Literature 561

Winter 2008

Research Essay (45%)

You can recycle any of the work that you have generated through the homework assignments in the seminar paper itself; e.g. by expanding one of your responses into a more formal (and more organized) essay, by incorporating literary criticism or theory that you covered for outside research into your essay, or by using the discussion questions as a basis for further in-depth analysis and investigation. 

The research essay must offer a convincing and compelling interpretation of one of the literary texts that we have covered in the course.  You can approach that literary text by emphasizing an important theoretical issue (e.g. the inscription of the female body by colonial discourse), highlighting the relationship between the text and its cultural and/or historical context (e.g. how the slave trade or the marriage market inform Steele’s “Inkle and Yarico”), or analyzing the various aesthetic elements that together construct—or deconstruct—its structure and form (symbols, images, motifs, irony, setting, etc.). 

In short, you can take almost any critical approach to the literature that you wish, so long as that approach results in an interpretation of the literary text that is unique to yourself as well as grounded in and informed by previous scholarship. 

Required Sources:

Altogether, you will need some combination of each of the following to support your argument, with multiple examples of some of these sources depending on your particular approach:

  1. Two articles or book chapters of literary criticism directly focusing on the literary text that you are interpreting, each found in the MLA Bibliography (see the Databases link in the online Halle Catalogue and go to “M”);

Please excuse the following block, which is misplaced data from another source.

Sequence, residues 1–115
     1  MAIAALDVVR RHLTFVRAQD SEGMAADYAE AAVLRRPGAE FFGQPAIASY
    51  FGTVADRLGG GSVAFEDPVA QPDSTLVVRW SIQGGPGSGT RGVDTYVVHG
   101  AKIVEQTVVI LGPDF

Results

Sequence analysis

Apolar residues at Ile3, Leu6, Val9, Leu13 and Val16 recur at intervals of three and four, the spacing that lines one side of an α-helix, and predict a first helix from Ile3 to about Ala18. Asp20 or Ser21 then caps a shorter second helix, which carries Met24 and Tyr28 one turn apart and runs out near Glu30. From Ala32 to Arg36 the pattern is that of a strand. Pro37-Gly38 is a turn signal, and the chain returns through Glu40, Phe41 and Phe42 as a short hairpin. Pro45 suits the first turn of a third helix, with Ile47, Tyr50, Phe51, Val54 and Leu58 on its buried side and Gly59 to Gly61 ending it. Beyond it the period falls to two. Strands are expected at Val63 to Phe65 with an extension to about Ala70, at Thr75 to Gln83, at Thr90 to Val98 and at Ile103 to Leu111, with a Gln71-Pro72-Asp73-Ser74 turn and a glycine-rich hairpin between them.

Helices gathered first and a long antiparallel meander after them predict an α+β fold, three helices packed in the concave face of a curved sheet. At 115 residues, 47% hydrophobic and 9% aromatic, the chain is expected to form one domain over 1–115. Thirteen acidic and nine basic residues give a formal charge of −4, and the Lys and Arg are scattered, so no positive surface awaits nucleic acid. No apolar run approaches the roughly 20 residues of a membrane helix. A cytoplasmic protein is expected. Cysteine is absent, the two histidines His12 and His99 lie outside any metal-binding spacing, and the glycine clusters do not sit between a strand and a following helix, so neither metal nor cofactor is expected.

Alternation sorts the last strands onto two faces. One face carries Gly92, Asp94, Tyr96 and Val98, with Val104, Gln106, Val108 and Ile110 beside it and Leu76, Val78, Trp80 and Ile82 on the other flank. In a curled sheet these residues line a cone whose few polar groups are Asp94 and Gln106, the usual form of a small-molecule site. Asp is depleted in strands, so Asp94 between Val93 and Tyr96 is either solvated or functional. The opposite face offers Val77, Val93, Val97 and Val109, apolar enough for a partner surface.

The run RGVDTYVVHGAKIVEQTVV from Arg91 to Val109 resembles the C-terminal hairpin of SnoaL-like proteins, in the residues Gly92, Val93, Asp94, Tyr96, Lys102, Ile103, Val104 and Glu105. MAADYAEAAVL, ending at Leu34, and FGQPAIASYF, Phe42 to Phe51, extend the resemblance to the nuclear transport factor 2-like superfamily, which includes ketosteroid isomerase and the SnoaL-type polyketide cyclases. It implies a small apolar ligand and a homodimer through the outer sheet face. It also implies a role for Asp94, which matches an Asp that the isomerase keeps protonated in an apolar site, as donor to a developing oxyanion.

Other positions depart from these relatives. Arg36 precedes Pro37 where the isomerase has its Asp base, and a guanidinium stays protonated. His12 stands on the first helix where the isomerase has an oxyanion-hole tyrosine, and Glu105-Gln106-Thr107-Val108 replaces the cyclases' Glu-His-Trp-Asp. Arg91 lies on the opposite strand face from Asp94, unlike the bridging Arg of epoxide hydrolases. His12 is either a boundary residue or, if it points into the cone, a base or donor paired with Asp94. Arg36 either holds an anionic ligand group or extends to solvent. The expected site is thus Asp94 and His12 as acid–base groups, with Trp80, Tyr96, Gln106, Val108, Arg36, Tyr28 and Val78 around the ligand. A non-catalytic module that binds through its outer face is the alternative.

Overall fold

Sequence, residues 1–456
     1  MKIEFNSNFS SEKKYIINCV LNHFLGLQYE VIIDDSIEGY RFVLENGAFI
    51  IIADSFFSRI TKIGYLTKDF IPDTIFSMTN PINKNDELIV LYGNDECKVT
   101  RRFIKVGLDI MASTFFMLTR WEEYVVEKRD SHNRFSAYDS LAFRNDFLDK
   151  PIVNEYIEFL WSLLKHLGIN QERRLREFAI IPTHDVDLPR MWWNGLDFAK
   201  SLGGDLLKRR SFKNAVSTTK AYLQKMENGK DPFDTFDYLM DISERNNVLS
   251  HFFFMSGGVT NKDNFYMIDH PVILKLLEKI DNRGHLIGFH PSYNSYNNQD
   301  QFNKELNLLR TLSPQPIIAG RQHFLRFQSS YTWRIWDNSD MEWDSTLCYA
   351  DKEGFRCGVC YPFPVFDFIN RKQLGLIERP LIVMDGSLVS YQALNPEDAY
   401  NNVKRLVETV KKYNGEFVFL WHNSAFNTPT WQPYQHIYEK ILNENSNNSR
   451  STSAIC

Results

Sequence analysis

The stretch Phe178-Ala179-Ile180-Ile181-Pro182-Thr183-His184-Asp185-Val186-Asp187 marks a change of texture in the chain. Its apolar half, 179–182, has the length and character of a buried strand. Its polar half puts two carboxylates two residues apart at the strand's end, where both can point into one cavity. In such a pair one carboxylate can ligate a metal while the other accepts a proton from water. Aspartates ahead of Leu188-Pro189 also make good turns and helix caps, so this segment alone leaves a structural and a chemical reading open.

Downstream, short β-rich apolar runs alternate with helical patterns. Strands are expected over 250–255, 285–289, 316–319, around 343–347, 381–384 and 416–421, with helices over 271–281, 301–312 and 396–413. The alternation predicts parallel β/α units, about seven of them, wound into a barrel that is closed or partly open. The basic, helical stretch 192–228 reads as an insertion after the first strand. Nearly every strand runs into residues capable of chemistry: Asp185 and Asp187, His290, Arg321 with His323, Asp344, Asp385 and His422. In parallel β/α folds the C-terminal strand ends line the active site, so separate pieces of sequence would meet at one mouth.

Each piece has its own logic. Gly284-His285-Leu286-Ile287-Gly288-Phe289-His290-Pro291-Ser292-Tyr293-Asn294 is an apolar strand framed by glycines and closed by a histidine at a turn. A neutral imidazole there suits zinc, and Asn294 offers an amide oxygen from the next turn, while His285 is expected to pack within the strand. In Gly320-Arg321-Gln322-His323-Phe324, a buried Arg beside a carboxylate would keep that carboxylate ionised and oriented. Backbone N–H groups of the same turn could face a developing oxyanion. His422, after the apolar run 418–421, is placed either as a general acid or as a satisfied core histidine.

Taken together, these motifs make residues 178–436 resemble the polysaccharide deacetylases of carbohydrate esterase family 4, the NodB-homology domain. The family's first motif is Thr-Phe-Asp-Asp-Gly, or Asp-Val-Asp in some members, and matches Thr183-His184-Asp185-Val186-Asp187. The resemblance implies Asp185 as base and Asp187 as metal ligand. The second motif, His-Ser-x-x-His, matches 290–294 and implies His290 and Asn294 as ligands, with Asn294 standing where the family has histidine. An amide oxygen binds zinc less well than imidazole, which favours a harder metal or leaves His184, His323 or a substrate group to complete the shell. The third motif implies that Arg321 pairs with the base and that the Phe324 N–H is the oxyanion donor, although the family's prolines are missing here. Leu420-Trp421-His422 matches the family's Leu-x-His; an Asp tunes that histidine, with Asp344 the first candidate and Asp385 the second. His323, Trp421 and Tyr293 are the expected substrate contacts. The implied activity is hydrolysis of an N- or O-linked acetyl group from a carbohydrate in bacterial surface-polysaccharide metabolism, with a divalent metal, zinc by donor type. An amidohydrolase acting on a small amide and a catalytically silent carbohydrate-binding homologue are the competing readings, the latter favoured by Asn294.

2. One theoretical work covered in class that primarily influences the direction of your argument and from which you discuss at least one key concept in depth (e.g. Edward Said’s “orientalism,” Mary Louise Pratt’s “contact zone,” William Warner’s “overwriting,” or Ruth Perry’s “colonization” of maternity);
  3. A second article or book chapter either by the same literary critic or by the same theorist, or a chapter-length work by the author of your literary text, that you use to ground your analysis of the concept and to reinforce your own argument;
  4. An article, book, or book chapter discussing some aspect of the cultural or historical context directly relating to the literary text, written by a scholar from outside the discipline of literature, and focusing on the material context of literature not on literature itself (search the Halle databases, especially JSTOR, checking only “history” and/or “sociology” as possible disciplines).

For your research proposal, you will need the five minimum sources listed above; however, for the research essay itself, you will need three additional sources from any of the four categories for a total of eight sources, not including the literary text itself.

The only sources that you can list on a Works Cited page are those that you actually quote, so make sure to engage directly with at least one passage from each of your sources rather than alluding to the arguments found within them indirectly or loosely.

Research Proposal (15%)

In the research proposal (4 pages minimum, due April 5 by 6PM), you will identify the literary text that you will be interpreting, the main theoretical concept that you will be using to approach the text, and the additional sources that you will be citing to support your claims.  All in all, the proposal must include the following:

  1. An introductory paragraph clarifying your focus, topic, its scope, and its significance;
  2. A clear, sentence-length articulation of your provisional thesis;